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countries not implementing certain types of technologies. can you explain the difference in the point of view on the domestic side? because it seems sort of contradictory. >> absolutely. the idea that the u.s. is opposing internationally is the idea of having a new layer of international internet regulation would be unprecedented and completely inconsistent with the models of a trend governments that have worked for many years. this remark that we adopted in the u.s. two and a half years ago is something that strongly supported by the internet community as this new level of internet regulation so that is our focus in the united states. it's bipartisan and it's extremely important to get so with that unfortunately i am
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getting dahuk signal from our masters so thank you very much. a very rich and i apologize we didn't have as much time for other questions on the back end but thank you for the remarks, very compelling discussion and thanks to everyone in the audience. [applause] [inaudible conversations] one
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how does one adequately express his feelings about a special friend? when that friend is also a world like on, a national hero of unimaginable proportions and a o legend whose name will live in history long after all here
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today have been forgotten >> fate looked down kindly on less when she chose him to be the first to another world and to have the opportunity to look back from space at the beauty of our own. it could have been another but it wasn't. and it wasn't for a reason. no one but no one could haveould accepted the responsibility of his remarkable accomplishment with mor ae dignity than more dy grace than her male armstrong.n. he embodied all that is good ano all that is great about america.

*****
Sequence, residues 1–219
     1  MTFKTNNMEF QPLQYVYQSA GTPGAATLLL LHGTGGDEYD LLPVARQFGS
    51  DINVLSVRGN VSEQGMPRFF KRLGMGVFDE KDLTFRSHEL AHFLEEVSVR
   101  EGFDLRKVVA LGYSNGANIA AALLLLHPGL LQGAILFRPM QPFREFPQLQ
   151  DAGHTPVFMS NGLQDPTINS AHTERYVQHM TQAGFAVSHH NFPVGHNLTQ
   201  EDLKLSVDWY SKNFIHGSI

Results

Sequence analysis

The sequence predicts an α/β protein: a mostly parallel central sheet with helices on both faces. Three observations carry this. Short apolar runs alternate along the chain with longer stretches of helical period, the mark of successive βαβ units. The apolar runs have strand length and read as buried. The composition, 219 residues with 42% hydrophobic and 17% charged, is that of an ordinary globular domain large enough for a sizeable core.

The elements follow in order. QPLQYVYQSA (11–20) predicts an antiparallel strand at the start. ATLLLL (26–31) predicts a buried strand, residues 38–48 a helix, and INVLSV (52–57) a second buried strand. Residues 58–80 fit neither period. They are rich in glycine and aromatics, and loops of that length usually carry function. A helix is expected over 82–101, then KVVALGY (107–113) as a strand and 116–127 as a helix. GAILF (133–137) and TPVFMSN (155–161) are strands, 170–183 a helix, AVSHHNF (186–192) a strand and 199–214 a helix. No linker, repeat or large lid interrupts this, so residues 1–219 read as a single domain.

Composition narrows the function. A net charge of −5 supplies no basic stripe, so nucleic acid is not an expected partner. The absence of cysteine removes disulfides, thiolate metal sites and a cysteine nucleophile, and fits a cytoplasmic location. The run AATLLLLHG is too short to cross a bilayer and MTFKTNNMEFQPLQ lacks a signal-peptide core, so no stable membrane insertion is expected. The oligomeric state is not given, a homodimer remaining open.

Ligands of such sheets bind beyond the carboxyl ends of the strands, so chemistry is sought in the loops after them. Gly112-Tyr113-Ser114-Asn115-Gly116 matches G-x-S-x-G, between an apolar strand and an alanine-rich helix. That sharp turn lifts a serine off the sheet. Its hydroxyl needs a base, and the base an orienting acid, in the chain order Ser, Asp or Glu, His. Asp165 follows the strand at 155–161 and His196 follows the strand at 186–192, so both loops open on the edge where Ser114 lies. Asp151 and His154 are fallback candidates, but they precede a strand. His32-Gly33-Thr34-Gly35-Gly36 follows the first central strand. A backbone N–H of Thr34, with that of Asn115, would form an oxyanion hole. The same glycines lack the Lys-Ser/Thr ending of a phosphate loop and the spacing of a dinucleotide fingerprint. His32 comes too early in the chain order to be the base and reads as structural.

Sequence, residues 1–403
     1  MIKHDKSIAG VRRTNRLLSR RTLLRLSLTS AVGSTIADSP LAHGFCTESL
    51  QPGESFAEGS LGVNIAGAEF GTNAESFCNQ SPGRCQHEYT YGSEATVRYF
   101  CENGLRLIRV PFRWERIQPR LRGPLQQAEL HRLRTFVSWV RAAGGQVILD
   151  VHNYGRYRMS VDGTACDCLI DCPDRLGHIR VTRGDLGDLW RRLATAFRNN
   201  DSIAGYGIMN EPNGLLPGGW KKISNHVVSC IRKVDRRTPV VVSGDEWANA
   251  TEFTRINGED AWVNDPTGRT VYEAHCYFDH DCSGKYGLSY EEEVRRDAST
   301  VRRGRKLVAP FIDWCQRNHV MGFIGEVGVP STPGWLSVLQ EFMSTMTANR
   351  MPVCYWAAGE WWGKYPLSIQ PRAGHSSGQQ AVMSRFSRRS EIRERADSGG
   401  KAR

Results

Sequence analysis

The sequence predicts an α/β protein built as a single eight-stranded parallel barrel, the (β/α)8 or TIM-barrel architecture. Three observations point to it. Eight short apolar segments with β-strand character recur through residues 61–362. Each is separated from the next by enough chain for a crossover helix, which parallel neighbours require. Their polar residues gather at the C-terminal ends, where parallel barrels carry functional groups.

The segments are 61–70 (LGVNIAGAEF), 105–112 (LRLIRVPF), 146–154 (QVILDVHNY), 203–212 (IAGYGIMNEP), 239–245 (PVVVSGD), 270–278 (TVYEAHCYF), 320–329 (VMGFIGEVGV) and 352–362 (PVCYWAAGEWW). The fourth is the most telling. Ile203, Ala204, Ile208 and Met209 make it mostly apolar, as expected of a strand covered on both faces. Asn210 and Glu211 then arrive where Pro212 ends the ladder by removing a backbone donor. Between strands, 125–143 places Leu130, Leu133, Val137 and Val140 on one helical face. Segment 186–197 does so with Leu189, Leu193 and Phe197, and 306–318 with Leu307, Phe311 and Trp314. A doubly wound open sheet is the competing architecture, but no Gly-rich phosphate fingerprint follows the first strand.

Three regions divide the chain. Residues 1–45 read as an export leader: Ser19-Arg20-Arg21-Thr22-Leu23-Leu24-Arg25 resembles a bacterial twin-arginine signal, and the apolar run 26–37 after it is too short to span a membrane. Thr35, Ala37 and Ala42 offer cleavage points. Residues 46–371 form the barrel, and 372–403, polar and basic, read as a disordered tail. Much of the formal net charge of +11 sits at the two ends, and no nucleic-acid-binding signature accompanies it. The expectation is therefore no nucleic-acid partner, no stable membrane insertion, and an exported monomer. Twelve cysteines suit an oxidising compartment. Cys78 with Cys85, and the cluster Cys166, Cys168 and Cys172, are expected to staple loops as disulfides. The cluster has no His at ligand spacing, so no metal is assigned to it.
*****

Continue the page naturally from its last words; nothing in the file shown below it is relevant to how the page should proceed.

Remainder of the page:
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>> richard land of the southern baptist convention said republicans lost the latino vote and ultimately the election during the primary. this was part of an american enterprise discussion earlier this week on immigration policy featuring the views of several self identified conservatives including the "national review." this is about 90 minutes. >> good morning everybody to get my name is nick ed schultz hit the american enterprise institute, and i'm the editor of
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theamerican.org, the aei magazine. i want to thank you for coming to the event today. conservatives and immigration reform. now what? i would like to thank my colleague daniel rothschild who had the idea for doing this event and helped bring it all together. he's had an interest in this issue for a long time as have i and i think it is timely and important and we start talking about some of these things. there's been attention on the immigration issue for at least as long as i followed politics and a lot longer than that. they are within the intellectual movement for control to define the right approach on immigration policy. this will be a generalization that i believe a fair one. on the one hand there are economic libertarians. they don't mind so much the presence of large numbers of
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immigrants here in the united states illegally in the there was also welcome much more legal immigration as well. we call this "the wall street journal" wing. on the other hand our social and law-and-order conservatives who are concerned about preserving america's unique culture and the maintenance of social order. to these conservatives, the presence of large numbers of people in the united states in violation of american law is inherently problematic. many of them are wild about the influx of large numbers of illegal immigrants either are doing that any culture need sufficient time for new arrivals to assimilate into the cultures can benefit from the pauses and immigration. there are some other camps as well, for example moral and social conservatives in the catholic church, and other religious groups who favors but might be called a light touch approach to immigration but they believe for social justice